Wednesday, April 1, 2020

Post pandemic AEC: BIM to the rescue? Don’t get your hopes up!

‘We are experiencing unprecedented times’- flows from every tap I turn on in my miniature home.
Digital and otherwise. No-one knows what’s on the other side.
One thing is almost certain, there will continue to be some need for building/construction for whoever survives.
It will be tough times, so the survivors will have to do their best to make the most of resources, natural, building, human and digital at hand.
Global uptake of BIM will rise, companies will see the opportunity to clean up their operations under this ‘rebirthing’ and work smarter.

Maybe. Maybe not.

As often is with ‘unprecedented’, people try to relate to precedence for reference, my personal experience is, that tough times don’t generally help AEC improve on itself.

When things go well, there is so much work, that there is no need to do things better.
When things don’t go well, there is so little work that all available effort needs to go into relationship/building-retaining, schmoozing and scrambling. No time to do things better.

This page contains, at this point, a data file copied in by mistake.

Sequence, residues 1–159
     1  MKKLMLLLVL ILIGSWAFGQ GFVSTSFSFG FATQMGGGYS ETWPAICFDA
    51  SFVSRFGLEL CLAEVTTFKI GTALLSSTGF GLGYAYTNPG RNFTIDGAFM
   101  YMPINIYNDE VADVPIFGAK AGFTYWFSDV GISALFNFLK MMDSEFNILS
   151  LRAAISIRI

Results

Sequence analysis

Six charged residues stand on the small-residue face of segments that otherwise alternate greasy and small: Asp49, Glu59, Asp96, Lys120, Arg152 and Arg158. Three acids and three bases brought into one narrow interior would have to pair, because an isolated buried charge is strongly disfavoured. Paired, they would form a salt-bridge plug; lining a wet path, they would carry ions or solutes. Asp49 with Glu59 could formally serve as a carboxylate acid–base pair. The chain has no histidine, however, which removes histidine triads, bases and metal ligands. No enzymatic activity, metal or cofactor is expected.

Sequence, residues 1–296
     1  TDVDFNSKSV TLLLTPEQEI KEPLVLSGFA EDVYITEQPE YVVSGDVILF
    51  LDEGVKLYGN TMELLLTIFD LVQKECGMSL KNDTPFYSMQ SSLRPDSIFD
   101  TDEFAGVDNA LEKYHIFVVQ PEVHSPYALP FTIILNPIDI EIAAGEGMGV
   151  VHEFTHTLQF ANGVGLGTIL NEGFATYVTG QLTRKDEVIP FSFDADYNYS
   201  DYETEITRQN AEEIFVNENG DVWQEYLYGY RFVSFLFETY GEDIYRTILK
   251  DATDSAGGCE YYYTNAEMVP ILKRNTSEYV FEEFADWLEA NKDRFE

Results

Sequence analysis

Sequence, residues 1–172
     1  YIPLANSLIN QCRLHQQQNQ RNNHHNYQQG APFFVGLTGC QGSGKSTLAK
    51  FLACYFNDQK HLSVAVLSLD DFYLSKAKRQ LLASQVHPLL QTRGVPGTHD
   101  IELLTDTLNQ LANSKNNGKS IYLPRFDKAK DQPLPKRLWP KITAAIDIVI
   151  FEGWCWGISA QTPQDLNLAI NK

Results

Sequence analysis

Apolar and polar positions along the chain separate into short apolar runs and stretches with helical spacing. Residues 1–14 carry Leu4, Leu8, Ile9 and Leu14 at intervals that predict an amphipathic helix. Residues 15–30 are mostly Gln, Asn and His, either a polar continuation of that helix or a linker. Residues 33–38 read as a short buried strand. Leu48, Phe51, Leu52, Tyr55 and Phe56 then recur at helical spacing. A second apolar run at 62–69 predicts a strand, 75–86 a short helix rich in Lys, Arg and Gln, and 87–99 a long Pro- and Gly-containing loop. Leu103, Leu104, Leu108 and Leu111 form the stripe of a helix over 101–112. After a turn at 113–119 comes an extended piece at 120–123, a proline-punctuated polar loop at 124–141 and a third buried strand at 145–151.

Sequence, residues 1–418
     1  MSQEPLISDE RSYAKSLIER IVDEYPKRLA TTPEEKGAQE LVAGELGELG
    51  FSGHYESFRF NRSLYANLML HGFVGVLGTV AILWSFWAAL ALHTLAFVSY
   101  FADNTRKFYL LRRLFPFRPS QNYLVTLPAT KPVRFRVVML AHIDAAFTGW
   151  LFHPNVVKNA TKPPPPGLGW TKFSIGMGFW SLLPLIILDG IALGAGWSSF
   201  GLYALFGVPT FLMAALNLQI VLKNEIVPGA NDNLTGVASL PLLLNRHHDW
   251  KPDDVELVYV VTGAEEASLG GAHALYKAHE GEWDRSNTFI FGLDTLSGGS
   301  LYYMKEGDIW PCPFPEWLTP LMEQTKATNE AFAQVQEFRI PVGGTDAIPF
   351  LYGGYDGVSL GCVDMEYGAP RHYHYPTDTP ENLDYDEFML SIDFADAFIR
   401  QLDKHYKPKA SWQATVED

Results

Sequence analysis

I can just about see my friend Djordje nodding with mild sarcasm as he is reading the above:
Yep, Zolna – positive as always.
Just for Djordje, a little memory from the past – with a bit more hope:

In 2004 as an employee of the NZ distributer of ArchiCAD, I was in charge of organising a string of extremely well attended seminars held by David Sutherland, the director of Fender Katsalidis, designers of the Eureka Tower in Melbourne and celebrated power-users of the software.

So successful was Mr Sutherland in selling the concept of BIM (or VC as it was still better known then) to the architects of NZ that even after many years had passed I was repeatedly told by the director of the competing software distributer (AutoDesk) that these seminars were the turning point for many of his clients to step up from 2D to 3D.

In 2004 David Sutherland was talking not only about the technology and its use in their Australian and globally operating business but also how it reformed the way his company worked, how they become more productive and better hands-on as designers when they decided to go ‘cold turkey’ 3D.
If I remember correctly, he was referring to a global crisis that forced the management to reduce the number of its people and they went form over a hundred down to a staff of 30.
I don’t wish on anyone to lose their jobs; I just hope that something good will come out of this crisis.

For the AEC. For BIM.


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